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Under Malaysian law, the distinction between a ‘contract of service’ and a ‘contract for service’ is significant.

Individuals under a contract of service are treated as employees for the purposes of, amongst others, the Employment Act 1955 and the Industrial Relations Act 1967.

Meanwhile, individuals under a contract for service are treated as independent contractors and are not treated as employees for the purposes of, amongst others, the Employment Act 1955 and the Industrial Relations Act 1967.

The Malaysian courts have provided various insights into the difference between a ‘contract of service’ and a ‘contract for service’.

The following is some of those insights.

Contract of service

– “A contract of service will give rise to an employer and employee relationship”[1]

– “… in the case of a contract of service the master not only directs what work is to be done but also controls the manner of doing it.”[2]

– “… under a contract of service, a man is employed as part of the business, and his work is done as an integral part of the business …”[3]

– “As long as there exists a relationship of a master and servant or that of an employer and employee, the law will infer a contract of service existing between them”[4]

Contract for service

– “… an independent contractor works under a contract for service.”[5]

– “… in the case of a contract for work and labour or a contract for services the employer is entitled to direct what work is to be done, but not to control the manner of doing it.”[6]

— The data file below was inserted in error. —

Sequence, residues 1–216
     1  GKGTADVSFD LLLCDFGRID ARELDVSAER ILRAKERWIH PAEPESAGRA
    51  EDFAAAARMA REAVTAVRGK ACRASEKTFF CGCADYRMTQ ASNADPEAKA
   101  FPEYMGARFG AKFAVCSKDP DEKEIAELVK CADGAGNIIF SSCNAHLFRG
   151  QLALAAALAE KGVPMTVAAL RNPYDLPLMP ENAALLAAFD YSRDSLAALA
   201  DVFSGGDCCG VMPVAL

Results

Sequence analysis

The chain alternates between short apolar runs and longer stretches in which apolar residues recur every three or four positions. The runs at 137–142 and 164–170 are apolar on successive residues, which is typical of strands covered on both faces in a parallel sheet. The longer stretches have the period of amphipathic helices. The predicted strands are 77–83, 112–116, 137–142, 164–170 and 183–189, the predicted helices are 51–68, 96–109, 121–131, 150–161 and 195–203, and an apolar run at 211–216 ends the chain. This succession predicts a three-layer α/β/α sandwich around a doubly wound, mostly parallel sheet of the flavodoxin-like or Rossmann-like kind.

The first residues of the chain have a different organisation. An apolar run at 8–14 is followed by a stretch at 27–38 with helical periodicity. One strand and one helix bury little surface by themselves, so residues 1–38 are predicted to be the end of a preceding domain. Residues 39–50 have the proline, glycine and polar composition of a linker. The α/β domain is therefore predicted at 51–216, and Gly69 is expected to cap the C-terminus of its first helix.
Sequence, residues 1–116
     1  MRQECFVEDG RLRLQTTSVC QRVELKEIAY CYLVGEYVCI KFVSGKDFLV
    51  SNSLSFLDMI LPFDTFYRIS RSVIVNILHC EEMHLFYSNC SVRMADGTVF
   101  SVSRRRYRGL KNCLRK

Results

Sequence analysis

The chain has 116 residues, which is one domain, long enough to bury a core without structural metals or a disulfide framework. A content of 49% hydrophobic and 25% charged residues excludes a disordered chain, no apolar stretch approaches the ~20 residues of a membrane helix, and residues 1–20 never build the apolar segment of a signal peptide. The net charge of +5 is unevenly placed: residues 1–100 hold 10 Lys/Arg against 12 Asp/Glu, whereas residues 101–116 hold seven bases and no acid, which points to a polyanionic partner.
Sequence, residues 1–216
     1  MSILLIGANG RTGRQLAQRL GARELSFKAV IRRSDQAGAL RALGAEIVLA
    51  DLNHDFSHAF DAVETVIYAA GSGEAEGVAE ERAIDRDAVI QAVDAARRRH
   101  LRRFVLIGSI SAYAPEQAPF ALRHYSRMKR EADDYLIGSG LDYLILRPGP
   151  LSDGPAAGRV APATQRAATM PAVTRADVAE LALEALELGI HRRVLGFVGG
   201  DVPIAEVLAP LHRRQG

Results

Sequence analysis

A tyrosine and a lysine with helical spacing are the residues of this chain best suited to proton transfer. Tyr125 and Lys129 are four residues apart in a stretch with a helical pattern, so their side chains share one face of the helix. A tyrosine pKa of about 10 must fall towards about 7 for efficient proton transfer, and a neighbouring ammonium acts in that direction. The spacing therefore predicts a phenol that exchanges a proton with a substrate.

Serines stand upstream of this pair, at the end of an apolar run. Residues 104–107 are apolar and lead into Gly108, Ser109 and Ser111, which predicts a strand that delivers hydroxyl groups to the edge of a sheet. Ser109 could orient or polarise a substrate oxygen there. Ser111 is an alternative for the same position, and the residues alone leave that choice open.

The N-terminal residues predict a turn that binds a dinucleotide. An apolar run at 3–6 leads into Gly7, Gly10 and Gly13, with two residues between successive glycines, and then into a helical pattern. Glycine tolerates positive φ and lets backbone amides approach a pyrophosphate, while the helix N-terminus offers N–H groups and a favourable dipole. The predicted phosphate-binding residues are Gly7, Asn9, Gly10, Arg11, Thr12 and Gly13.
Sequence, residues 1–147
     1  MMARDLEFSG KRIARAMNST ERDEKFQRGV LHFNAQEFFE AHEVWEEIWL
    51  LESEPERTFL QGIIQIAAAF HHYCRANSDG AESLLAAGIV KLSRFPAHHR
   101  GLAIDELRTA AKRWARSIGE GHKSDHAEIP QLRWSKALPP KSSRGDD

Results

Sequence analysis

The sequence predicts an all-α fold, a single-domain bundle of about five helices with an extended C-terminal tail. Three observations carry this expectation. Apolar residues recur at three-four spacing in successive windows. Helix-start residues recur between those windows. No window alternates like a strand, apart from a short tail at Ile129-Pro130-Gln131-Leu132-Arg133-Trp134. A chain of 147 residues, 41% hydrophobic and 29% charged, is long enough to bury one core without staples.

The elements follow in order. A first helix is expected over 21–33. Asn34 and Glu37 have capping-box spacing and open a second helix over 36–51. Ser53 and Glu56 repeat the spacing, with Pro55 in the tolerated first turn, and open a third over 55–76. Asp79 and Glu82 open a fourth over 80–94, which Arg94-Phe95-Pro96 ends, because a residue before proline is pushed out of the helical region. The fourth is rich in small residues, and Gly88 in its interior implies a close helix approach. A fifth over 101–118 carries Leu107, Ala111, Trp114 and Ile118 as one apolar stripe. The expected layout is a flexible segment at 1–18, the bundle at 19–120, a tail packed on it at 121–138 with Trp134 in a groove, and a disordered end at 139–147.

– “… under a contract for services, his work, although done for the business, is not integrated into it but is only accessory to it.”[7]

Disclaimer: The contents of this article are intended for information dissemination and academic discussion only and should not be construed as legal advice on a specific set of facts or circumstances. Should you require legal assistance, you may contact us via email (liti@pelim.my) or via WhatsApp/telephone call (+6011-5672 7813).


[1] Letchumanan a/l Gopal (representative for the estate of Rajammah a/p Muthusamy, deceased) v Pacific Orient & Co Sdn Bhd [2011] 6 MLJ 788 (CA), at paragraph 33

[2] Halsbury’s Laws of England, (3rd Ed), Vol 25 at p 452, cited in Letchumanan a/l Gopal (representative for the estate of Rajammah a/p Muthusamy, deceased) v Pacific Orient & Co Sdn Bhd [2011] 6 MLJ 788 (CA), at paragraph 48

[3] Stevenson, Jordan & Harrison, Ltd v Macdonald & Evans [1952] 1 TLR 101 (CA), which was referred to by the Federal Court in Hoh Kian Ngan v Mahkamah Perusahaan Malaysian & Anor [1995] 3 MLJ 369 (FC), at page 392

[4] Lian Ann Lorry Transport & Forwarding Sdn Bhd v Govindasamy [1982] 2 MLJ 232 (FC), at page 234

[5] Mary Colete John v South East Asia Insurance Bhd [2010] 6 MLJ 733 (FC), at paragraph

[6] Halsbury’s Laws of England, (3rd Ed), Vol 25 at p 452, cited in Letchumanan a/l Gopal (representative for the estate of Rajammah a/p Muthusamy, deceased) v Pacific Orient & Co Sdn Bhd [2011] 6 MLJ 788 (CA), at paragraph 48

[7] Stevenson, Jordan & Harrison, Ltd v Macdonald & Evans [1952] 1 TLR 101 (CA), which was referred to by the Federal Court in Hoh Kian Ngan v Mahkamah Perusahaan Malaysian & Anor [1995] 3 MLJ 369 (FC), at page 392